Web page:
Permablitz #71 – Moonee Ponds
Over at MooIMadeIt.com Angela has been reporting on a host of blitzes over the last few months. Here’s a sample from Moonee Ponds… Check out the blog for more!
Well I did say I was going to throw myself back into things come Spring…
I have been to three Permablitzes in just under a month! And all in the inner West. Yay, didn’t even have to cross the river, well not the Yarra River at least.
This was a fantastic Permablitz to attend to reinvigorate my enthusiasm for permaculture, community and gardening!
The hosts wisely limited numbers to 15 to make sure everyone would get something out of the day. I haven’t attended any ‘blitzes that have had too many people yet but I have heard about some experiences from other volunteers. There seems to be a bit of a balance required in getting a good amount of people so that there’s enough labour that everyone can contribute without being completely worn into the ground vs having too many people standing around a little uncomfortable, not sure what to do without enough tools, space and jobs to get stuck into.
We really got SO much done this day, it was really exciting. And furthermore I really appreciated getting an email from the host Anne-Louise this weekend, with before and after shots of the garden. Immensely satisfying to know I was apart of that!
Anne-Louise had recently completed a Permaculture Design Certificate (PDC) course at Forest Edge. There were a few other recent graduates there on the day as well. And Cam and Jessie from Forest Edge were leading the Permablitz, with Cam teaching us plenty on the day.
This is basically what we did:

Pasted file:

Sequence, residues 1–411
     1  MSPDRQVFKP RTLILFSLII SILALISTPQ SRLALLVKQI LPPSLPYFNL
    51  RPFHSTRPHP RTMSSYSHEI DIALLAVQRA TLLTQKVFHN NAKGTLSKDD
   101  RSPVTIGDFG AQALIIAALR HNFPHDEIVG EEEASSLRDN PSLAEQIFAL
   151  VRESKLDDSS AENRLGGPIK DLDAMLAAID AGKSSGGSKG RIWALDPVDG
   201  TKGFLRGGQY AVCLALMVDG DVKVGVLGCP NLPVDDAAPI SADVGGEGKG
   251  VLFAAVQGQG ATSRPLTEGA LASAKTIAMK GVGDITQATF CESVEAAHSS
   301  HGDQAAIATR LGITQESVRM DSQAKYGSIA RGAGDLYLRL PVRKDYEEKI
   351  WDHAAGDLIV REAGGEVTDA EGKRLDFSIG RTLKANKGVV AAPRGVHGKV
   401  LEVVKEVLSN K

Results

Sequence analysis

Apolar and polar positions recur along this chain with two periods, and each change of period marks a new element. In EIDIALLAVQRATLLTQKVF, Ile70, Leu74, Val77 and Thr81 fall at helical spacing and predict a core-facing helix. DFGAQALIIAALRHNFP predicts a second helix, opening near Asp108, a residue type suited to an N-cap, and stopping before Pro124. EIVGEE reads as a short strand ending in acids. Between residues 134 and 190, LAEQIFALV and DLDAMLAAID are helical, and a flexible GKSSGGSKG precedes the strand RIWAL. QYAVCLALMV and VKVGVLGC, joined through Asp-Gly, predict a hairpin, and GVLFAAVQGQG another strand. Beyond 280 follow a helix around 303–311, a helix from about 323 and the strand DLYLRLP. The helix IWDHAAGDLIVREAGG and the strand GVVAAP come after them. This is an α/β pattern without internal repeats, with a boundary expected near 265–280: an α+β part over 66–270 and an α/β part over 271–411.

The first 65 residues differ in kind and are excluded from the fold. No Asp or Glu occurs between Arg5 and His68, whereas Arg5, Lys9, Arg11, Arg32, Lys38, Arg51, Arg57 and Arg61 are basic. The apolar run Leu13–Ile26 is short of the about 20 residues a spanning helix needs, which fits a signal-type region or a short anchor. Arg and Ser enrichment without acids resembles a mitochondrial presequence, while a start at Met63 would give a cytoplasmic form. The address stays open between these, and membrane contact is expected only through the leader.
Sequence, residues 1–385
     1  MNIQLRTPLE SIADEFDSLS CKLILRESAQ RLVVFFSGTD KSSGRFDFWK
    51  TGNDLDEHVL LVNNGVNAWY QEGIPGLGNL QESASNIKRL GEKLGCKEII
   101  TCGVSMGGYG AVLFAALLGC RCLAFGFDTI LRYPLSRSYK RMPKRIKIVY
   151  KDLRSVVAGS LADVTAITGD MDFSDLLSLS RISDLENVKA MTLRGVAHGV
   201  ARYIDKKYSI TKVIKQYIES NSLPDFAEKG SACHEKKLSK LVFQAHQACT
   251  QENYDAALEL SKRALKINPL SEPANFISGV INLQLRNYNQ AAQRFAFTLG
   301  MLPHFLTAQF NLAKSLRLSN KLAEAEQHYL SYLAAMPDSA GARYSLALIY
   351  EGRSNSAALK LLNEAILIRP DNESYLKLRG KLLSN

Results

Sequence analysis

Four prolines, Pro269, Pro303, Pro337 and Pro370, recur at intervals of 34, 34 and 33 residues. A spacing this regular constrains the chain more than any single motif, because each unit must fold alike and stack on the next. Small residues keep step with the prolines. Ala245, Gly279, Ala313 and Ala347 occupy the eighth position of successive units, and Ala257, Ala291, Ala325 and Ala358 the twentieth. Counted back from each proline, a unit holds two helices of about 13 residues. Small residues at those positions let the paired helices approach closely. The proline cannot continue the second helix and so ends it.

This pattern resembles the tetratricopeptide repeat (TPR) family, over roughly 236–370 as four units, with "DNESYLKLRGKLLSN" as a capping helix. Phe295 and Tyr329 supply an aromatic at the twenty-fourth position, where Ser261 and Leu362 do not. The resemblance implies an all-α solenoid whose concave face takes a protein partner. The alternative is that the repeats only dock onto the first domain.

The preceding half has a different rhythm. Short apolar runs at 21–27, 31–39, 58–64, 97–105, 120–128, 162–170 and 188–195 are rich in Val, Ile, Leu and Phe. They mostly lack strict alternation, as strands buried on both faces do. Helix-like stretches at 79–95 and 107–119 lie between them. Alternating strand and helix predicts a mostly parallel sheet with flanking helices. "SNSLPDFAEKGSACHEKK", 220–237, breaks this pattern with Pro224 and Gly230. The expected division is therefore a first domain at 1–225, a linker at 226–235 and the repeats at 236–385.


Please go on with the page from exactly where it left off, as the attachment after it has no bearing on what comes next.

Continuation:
– Anne Louise has a beautiful home and large garden (in my dreams!) in Moonee Ponds. It had a really large lawn, shed, water tank, huge big pepper tree in the corner with a cubbie under it.
– the permaculture design was to set up a ‘food forest’ – the design was rather ingenius:
– a hose was used to create a beautifully curved section for the food forest. You do get a really beautiful line when you use a hose to mark out the area.
– we ripped up all the grass from that area. This was being done already by the time I arrived, I think someone wanted the grass so it was kind of cut up and lifted and rolled so someone could take it away. Nice reuse of the lawn.
– then it was explained that the overflow from the watertank was going to run into a series of ’swales’ ie even levelled trenches in which the water would sit and seep into the ground. We used a simple homemade spirit level and learnt how to use it ourselves to ensure the trenches were dug evenly so the water would sit and not run off.
– in the garden beds, inbetween the swales, a number of barerooted fruit trees were be planted, where they will be able to seep up the water from the swales.
– Cam planted 2 apple trees side by side, an alternative to having 2 types of apple grafted onto the one tree (apples need to be in pairs in order to pollinate and produce fruit). The 2 trees were in a sense grown as one tree.
– Cam had a really interesting method of planting trees, or anything with roots really.
- PLANTING A BAREROOTED TREE (AKA ‘SLURRY METHOD’ OF PLANTING)
(but also a method useful for planting trees. shrubs anything you need to dig a decent size hole for generally)
Firstly Cam doesn’t advocate digging a hole, putting a heap of compost in the bottom of it and planting the tree on top – as this won’t encourage the tree’s roots to seek out nutrient and therefore develop a stronger root structure.